Welcome (back) to Claremont! You are here to learn, to tackle the big questions, and to become great citizens. You also have another more urgent question to answer: How do I college? What should I do, or not do, to have an awesome time and not end up a regretful mess?
I am here to help by talking to alumni about what went right, and more importantly what went wrong, in their college days so you current students can hopefully do it better.
Why should you listen to me? You shouldn’t. Just kidding, of course you should—I’m the best thing that has ever happened to you.
A bit about me: I graduated Pomona 2001. I majored in linguistics, ran cross country and track all four years, and was a sophomore sponsor, a junior RA, and an OA leader. I threw some parties that I'm rather proud of (including participation in the record-setting Beer Mile, may it R.I.P.) In the name of helping those coming after me have a better time, I spoke at first-year orientation about how no one at Pomona ever has sex, so just give that up now (not a completely accurate sentiment, but the speech really happened). In other words, I did a lot in school and I want to help.
This project started as a conversation with my great friend and fellow Pomona alumnus J.B. Waterman. We often speak about Pomona and really connected on how our college experience was so different than what we had hoped or expected—it was way lamer.
We killed ourselves in high school to get into college, fantasizing about an epic, romantic, and wild experience. College was the promised land of parties, pranks, brilliant conversations, deep connections, adventures, getting past first base, meeting women who actually wanted to go past first base, and doing badass academic work while becoming an adult. That's why we worked so hard in high school to finally thrive in college. Right? Right?!?!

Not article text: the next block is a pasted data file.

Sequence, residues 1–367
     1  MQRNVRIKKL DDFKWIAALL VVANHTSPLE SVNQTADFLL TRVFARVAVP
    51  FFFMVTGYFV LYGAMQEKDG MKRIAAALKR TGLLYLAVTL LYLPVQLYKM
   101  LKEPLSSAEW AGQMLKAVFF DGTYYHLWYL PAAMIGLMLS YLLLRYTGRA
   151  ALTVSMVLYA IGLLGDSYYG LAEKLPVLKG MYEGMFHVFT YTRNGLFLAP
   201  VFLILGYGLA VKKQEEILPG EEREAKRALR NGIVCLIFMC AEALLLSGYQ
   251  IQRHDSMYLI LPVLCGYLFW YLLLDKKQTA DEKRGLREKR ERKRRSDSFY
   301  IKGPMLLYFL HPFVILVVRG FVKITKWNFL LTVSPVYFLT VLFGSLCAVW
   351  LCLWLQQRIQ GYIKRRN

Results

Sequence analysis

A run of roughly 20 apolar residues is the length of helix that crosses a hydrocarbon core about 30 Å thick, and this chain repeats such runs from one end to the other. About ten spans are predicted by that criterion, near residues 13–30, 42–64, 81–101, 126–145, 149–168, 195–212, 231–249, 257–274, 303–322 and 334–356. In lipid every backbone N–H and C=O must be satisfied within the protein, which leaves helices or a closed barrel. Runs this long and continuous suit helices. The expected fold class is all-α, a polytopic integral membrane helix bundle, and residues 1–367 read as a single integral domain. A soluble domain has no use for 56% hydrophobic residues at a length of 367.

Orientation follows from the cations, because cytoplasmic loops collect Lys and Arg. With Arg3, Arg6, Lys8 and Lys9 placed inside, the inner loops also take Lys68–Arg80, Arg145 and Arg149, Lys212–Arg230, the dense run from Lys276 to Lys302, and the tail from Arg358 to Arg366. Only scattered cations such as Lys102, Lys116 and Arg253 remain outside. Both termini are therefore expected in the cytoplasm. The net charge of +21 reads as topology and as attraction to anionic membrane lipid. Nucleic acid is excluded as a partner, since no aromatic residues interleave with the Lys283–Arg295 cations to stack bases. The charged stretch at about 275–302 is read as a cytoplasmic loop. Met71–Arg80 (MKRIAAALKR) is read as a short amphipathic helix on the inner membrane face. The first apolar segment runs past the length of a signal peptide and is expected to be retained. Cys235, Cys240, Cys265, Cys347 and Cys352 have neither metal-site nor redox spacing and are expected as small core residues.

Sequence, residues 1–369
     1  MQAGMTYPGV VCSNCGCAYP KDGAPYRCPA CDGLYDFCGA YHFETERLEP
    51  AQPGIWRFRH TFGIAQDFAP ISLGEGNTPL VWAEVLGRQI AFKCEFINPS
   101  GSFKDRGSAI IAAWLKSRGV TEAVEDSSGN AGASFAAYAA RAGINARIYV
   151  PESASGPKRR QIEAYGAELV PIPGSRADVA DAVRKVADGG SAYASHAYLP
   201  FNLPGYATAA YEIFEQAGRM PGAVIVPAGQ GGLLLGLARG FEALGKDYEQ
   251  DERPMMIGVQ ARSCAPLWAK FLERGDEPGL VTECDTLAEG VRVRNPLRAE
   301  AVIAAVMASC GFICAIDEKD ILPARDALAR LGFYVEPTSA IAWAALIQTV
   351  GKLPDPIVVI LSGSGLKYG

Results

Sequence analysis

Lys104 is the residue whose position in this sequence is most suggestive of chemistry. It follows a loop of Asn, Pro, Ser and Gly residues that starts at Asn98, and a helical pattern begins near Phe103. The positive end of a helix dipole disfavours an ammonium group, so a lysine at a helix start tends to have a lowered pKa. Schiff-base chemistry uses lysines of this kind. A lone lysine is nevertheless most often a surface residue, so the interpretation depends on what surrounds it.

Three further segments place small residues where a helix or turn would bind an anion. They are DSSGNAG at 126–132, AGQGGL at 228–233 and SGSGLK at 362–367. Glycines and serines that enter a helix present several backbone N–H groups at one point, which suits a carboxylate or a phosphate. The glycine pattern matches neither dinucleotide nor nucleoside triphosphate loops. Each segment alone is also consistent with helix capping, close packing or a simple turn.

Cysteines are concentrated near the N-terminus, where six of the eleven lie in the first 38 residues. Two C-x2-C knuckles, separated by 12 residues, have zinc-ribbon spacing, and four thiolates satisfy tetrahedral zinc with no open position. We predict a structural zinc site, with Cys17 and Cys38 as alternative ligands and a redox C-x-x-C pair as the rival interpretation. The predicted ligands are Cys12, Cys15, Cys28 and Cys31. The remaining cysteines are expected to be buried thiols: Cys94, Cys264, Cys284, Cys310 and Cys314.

In reality, we showed up to find a much more confusing situation with a bunch of people who were kind of like us in ways we didn’t always like; equally inexperienced and clueless while subject to constant overthinking. I’ve come to realize that whimsy, adventure, romance and actual-not-just-imagined-sex are, in my experience, largely incompatible with being clueless and overthinking. PSA: You can and should establish consent and use protection without overthinking.
Rally as we might, each semester looked the same. We arrived super psyched to do all this awesome stuff and have it be amazing, but within a couple of weeks we found ourselves, well, not psyched, not doing awesome stuff, and certainly not feeling amazed, or even particularly connected to our classmates let alone collegial.
What gives? The first issue was my own unrealistic expectations. What I knew about college was gleaned from college viewbooks (too glossy), movies about college (too vulgar), stories from older kids I knew in high school (too exaggerated) and, most of all, my own fantastical projections of what I wanted it to be (too escapist). Claremont is sort of some, but not really any of these things. Small, cozy schools full of brilliant over-achievers.
I wasn’t the smart one; everyone was the smart one. Not exactly DTF party animals.
The second issue was me. I had my charm, but I was kind of a mess. I was mostly clueless, often obnoxious, unreasonably horny, dealing with undiagnosed depression, and new to the game of college. I had a lot to learn about myself and my new life, but for whatever dumb reason I seemed to think everyone around me knew what was up—they really didn't—so I freaked out about making any mistakes.
This is where I come in to *try* to help. Rather than generalized, gauzy, nostalgia-rife advice that could apply to anybody, I intend to share real alumni candidly speaking about how they specifically screwed up, how they were stupid, clueless, anxious, depressed, or ignorant—because everyone is—and how they could have made their college experience a bit more awesome.
So I’ll go first, and speak to 19-year-old me: “Adam, if you are into/maybe friends/maybe flirting with a girl, and you aren’t sure where you stand but you somehow end up in bed together with your faces two inches apart, there is a really, really good chance she wants to kiss you more than she doesn’t want to kiss you. Do not overthink this, chicken out, and then be surprised if she stops hanging out with you. Make. A. Move.”
Any alumni interested in participating, or students interested in flattery, email me at firstname.lastname@example.org